Microbiology 10/2010; 157(Pt 2):373-86. · 3.06 Impact Factor
  • Source
    [Show abstract] [Hide abstract]
    ABSTRACT: Objective: To test the inhibitory growth activity of green tea catechin incorporated into dental resins compared to resins containing the broad-spectrum antimicrobial compound chlorhexidine against Streptococcus mutans in vitro. Material and Methods: The minimum inhibitory concentrations (MICs) of epigallocatechin-gallate (EGCg) and chlorhexidine (CHX) were determined according to the microdilution method. Resin discs (5 mm × 3 mm) were prepared from Bis-GMA/TEGDMA (R1) and Bis-GMA/CH3Bis-GMA (R2) comonomers (n=9) containing: a) no drug, b) EGCg, c) CHX. Two concentrations of each drug (0.5× MIC and 1× MIC) were incorporated into the resin discs. Samples were individually immersed in a bacterial culture and incubated for 24 h at 37°C under constant agitation. Cell viability was assessed by counting the number of colonies on replica agar plates. Statistical analysis was performed using one-way ANOVA, Tukey and Student t-tests (α=0.05). Results: Both resins containing EGCg and CHX showed a significant inhibition of bacterial growth at both concentrations tested (p<0.05). A significantly higher inhibition was observed in response to resins containing CHX at 0.5× MIC and 1× MIC, and EGCg at 1× MIC when compared to EGCg at 0.5× MIC. Also, EGCg at 0.5× MIC in R1 had a significantly higher growth inhibition than in R2. Conclusions: Both EGCg and CHX retained their antibacterial activity when incorporated into the resin matrix. EGCg at 1× MIC in R1 and R2 resins significantly reduced S. mutans survival at a level similar to CHX. The data generated from this study will provide advances in the field of bioactive dental materials with the potential of improving the lifespan of resin-based restorations.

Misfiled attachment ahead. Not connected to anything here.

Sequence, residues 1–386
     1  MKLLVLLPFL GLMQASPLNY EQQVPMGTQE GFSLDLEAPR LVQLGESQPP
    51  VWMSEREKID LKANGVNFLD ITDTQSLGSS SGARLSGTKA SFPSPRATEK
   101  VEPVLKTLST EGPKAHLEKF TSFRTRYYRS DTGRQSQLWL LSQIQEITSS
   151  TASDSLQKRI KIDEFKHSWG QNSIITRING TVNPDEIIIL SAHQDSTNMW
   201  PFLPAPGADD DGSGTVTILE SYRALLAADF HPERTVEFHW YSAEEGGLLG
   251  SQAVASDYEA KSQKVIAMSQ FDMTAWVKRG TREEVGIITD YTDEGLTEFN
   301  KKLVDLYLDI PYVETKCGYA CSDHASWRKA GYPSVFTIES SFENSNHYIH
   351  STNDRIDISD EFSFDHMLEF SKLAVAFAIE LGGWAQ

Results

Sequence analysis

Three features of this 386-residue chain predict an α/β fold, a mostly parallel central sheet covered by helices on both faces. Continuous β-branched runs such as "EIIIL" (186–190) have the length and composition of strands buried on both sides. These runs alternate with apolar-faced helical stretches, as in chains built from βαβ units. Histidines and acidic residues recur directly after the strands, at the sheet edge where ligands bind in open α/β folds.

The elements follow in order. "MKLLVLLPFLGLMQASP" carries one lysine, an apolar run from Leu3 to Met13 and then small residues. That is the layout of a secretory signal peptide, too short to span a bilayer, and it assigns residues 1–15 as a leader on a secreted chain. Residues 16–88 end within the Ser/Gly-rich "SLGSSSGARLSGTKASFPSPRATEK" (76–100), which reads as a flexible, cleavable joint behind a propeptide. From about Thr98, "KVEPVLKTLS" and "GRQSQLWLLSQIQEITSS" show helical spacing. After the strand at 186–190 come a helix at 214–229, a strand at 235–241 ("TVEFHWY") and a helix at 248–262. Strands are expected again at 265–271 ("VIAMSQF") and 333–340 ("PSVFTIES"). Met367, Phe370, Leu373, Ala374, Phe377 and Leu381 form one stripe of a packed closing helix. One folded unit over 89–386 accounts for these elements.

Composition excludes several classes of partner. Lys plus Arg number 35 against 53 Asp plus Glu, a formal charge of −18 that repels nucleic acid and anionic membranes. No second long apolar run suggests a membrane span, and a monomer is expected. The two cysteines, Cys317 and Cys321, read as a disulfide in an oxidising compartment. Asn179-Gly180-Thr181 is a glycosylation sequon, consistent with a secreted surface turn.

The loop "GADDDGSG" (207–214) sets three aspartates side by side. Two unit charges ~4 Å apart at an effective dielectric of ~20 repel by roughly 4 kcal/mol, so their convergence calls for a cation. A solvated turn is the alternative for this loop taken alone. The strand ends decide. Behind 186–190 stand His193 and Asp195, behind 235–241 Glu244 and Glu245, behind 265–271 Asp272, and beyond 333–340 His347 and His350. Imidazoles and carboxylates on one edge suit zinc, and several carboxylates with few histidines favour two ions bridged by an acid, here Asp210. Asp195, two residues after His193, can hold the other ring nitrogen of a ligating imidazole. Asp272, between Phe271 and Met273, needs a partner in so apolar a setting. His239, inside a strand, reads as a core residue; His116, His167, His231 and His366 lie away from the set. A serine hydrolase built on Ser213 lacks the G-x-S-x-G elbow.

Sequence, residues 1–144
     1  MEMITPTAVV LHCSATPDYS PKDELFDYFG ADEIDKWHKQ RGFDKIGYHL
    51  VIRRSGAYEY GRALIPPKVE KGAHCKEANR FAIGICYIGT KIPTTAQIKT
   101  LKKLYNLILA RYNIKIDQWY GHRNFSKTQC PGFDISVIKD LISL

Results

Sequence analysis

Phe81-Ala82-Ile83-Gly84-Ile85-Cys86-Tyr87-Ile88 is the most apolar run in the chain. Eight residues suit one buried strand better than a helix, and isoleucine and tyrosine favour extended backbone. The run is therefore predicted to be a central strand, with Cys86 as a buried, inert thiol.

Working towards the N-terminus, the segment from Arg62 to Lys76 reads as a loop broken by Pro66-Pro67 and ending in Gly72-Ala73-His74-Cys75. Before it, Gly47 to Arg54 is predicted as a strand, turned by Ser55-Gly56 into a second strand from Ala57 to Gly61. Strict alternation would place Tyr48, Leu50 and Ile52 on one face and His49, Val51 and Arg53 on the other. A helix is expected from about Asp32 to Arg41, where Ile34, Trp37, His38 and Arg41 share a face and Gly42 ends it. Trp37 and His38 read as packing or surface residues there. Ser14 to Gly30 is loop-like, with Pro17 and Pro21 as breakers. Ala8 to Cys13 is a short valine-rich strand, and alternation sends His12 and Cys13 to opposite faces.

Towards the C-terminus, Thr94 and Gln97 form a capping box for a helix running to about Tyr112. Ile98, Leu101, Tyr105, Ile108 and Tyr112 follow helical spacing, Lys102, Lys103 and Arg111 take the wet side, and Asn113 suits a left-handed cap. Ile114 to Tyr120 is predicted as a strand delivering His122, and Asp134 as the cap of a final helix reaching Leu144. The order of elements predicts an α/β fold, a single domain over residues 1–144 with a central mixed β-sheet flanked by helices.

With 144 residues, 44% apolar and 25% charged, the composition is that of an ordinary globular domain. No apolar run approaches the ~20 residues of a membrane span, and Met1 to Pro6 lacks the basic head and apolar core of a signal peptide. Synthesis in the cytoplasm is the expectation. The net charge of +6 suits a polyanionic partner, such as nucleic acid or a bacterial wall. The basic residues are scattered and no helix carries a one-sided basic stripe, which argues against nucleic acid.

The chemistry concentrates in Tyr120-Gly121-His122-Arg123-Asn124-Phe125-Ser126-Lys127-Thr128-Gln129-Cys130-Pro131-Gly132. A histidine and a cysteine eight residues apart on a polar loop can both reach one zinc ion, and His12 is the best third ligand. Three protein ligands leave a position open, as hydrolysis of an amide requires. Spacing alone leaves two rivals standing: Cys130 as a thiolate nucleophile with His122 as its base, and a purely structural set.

Journal of applied oral science: revista FOB 01/2013; 21(2). · 0.39 Impact Factor

Full-text (2 Sources)

Available from
Aug 14, 2014